In verse four of ‘The Spoils of Annwn’ the lines about Caer Wydyr (‘Glass Fort’) are followed by a single reference to Caer Golud (‘Fortress of Impediment’).
‘Three loads of Prydwen went with Arthur:
save seven, none came back from the Fort of Impediment.’
Nothing more is said about Caer Golud. To the best of my knowledge it does not appear in any other literature. Marged Haycock translates golud as ‘impediment’ from goludd. This suggests Caer Golud is another name for the impenetrable Caer Wydyr, which is guarded by six thousand men and an incommunicative watchman.
An alternative translation is from coludd (which mutates from ‘g’): ‘guts’, ‘bowels’ or ‘entrails’ This is a fascinating possibility and fits with links between the Glass Fort and Glastonbury (‘the Glass Island’) as a place the 6thC prophet, Melkin, claims is ‘greedy for the death of pagans, above others in the world.’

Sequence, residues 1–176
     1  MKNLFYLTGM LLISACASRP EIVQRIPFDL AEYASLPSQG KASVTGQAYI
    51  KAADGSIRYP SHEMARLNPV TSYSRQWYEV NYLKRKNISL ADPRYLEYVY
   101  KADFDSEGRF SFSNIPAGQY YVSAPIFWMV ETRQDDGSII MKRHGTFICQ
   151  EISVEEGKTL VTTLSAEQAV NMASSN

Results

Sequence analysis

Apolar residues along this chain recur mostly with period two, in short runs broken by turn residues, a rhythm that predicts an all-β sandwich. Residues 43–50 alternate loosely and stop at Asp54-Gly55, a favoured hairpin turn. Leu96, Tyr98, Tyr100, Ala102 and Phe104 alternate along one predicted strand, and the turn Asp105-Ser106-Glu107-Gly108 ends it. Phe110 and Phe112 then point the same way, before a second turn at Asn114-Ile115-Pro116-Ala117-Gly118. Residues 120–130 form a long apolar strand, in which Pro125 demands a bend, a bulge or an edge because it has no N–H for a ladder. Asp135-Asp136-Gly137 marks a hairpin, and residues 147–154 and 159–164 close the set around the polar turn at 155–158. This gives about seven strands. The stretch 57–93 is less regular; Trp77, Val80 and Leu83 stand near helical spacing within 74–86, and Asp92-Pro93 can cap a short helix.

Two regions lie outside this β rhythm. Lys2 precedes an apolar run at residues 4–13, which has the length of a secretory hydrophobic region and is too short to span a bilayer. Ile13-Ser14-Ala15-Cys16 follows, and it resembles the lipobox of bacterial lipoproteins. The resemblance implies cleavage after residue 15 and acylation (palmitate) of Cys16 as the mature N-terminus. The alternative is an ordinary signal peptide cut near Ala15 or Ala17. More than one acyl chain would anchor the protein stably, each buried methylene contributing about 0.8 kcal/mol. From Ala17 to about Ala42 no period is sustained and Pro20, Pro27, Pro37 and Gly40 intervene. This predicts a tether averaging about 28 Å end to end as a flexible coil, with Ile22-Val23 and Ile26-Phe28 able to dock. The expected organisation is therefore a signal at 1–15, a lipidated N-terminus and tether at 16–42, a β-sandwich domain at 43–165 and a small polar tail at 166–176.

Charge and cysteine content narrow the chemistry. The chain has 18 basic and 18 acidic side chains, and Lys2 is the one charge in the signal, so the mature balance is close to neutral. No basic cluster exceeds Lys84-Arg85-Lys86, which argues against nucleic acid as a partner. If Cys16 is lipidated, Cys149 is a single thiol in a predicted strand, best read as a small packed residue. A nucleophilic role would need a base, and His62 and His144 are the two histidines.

Melkin’s words suggest pagan beliefs and practices survived in Glastonbury into the 6thC. The word ‘greedy’ evokes devouring and the digestive processes of the guts. This would certainly tie in with other descriptions of the Brythonic otherworld.
In ‘The First Address of Taliesin’ the bard inquires into the width of ‘the mouth’ of Uffern (‘inferno’). ‘Kat Godeu’ refers to ‘a great-scaled beast’ with ‘a fierce battalion / beneath the roof of his tongue’ and ‘A speckled crested snake’ with ‘a hundred souls, on account of (their) sin… tortured in its flesh.’
Both poems are heavily Christianised yet if we remove the punitive connotations resulting from Annwn’s identification with Uffern/Hell and thus sin, it is possible to find traces of a shamanistic standpoint far more visceral than courtly medieval portrayals of the otherworld.
We recall Gwion Bach (as a grain of wheat) was swallowed by Ceridwen (as a black hen). A sow feeds on Lleu Llaw Gyfes’ rotten flesh when, mortally wounded, he takes the form of an eagle. The Hounds of Annwn hunt down and devour souls.